, , , ,

I felt the need to make haystacks. Here is my method:

  1. Using a foam ball cut in half
  2. adding uneven layers of air dry modelling clay
  3. stroking the still wet clay with a plastic comb
  4. when dry, painted with bright yellow
  5. painted with Wattyl Stain and Varnish (or Army Painter)
  6. Dry brushed with lightened yellow and then white.

Here are the haystacks on the table in a recent Stargate game I played with Greg. What is lacking is the fields in which such stacks could exist, but I’ve yet to make them.

The game consisted of two squads of troopers (Eureka French Foreign Legion) exiting the gate on an alien planet with the intention of liberating the ‘crown’ of the local tribe. In other words a kidnap of the local chief. Opposing them were two squads of (old Eureka) Goa-uld.

We used Ganesha’s Flying Lead as the default rules.

On the first few turns the legionnaires rolled well, one squad going prone and putting a lively fire into the enemy while the other made a brisk pace toward the target. With the leader of one goa-uld down, the rest of the team fled behind a shack and played no further part in the game. The other squad continued to annoy the advancing legionnaires.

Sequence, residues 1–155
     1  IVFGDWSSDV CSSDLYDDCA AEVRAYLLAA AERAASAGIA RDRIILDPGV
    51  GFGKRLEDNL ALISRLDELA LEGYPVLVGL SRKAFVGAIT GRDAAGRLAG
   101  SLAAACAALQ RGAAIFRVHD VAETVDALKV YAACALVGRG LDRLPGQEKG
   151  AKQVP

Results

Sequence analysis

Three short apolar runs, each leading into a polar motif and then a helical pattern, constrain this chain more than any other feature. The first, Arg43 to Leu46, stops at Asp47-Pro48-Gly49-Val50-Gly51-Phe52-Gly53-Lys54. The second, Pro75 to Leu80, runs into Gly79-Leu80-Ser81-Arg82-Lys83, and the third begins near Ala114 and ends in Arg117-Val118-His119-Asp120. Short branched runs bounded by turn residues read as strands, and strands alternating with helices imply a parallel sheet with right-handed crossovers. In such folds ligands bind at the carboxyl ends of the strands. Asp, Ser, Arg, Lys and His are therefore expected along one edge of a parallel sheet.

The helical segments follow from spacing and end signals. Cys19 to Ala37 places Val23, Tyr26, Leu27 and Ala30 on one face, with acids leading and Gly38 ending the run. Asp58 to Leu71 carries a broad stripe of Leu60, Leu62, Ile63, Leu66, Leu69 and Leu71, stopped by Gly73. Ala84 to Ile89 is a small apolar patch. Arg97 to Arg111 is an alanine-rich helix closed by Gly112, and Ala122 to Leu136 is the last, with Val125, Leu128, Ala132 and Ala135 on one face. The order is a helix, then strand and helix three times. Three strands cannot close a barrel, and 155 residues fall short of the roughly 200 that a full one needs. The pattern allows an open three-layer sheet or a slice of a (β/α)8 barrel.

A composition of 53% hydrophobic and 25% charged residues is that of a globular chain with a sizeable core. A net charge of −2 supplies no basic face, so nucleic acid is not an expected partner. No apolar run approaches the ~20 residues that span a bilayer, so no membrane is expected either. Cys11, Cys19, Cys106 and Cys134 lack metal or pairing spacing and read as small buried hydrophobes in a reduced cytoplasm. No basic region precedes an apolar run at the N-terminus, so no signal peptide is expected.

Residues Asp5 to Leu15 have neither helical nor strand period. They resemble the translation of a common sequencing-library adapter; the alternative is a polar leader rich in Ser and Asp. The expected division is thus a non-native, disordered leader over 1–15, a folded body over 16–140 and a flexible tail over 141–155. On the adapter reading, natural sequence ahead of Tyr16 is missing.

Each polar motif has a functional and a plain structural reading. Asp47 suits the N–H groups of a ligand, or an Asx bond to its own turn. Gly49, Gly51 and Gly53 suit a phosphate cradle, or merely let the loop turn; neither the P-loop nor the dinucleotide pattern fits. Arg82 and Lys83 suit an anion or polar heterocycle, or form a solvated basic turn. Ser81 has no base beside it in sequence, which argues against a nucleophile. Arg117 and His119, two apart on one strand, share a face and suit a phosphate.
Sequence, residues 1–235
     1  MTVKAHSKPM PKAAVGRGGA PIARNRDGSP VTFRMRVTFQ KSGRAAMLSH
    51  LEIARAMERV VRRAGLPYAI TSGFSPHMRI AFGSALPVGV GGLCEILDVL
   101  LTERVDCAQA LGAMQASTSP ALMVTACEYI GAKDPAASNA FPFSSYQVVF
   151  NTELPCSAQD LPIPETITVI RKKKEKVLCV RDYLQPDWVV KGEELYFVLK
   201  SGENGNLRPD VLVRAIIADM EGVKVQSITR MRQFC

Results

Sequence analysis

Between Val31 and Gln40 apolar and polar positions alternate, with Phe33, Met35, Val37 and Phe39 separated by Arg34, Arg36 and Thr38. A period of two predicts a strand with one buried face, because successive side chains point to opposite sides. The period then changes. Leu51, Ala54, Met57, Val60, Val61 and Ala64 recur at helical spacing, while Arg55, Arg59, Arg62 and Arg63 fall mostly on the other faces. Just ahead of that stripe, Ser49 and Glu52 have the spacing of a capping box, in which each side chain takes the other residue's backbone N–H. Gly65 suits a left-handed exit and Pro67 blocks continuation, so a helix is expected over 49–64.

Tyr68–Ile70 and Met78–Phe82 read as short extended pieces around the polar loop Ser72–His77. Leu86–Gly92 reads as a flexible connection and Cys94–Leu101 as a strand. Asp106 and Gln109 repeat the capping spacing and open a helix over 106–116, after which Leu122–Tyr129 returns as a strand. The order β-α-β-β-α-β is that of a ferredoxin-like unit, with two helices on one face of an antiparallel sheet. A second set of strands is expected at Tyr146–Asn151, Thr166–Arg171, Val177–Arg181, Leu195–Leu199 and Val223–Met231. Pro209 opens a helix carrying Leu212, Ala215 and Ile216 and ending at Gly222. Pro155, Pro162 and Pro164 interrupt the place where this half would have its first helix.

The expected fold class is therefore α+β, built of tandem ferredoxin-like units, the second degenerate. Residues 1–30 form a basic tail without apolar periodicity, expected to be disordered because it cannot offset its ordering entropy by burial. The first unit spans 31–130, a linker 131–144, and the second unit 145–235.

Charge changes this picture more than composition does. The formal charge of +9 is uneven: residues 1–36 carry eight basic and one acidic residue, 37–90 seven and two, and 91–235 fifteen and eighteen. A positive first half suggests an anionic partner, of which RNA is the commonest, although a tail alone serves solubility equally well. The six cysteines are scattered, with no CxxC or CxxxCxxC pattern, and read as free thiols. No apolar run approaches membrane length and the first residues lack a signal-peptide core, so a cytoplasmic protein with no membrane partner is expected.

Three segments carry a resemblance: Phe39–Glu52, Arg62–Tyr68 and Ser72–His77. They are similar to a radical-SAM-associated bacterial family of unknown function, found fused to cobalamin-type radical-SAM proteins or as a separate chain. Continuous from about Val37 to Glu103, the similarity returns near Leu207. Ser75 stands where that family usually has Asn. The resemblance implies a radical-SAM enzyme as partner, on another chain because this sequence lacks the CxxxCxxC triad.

After this, however, we had a long series of quick turnovers, making the action more staccato, and fairly evoking the atmosphere of a firefight out of control. A legionnaire trooper managed to take the chief into custody and escorted him at the run, but the rest of his squad came under devastating laser-lance fire. An accurate shot from the lieutenant managed to penetrate the armour of goa-uld leader of the second squad, resulting in that team failing a morale test as well.

In the end the legionnaires escorted their prisoner out of the gate unmolested, leaving five dead and carrying a wounded man. The goa-uld suffered just three deaths, but two of them were leaders, so this is a double blow on top of the loss of objective.

A good and simple game in the end. Just what I needed.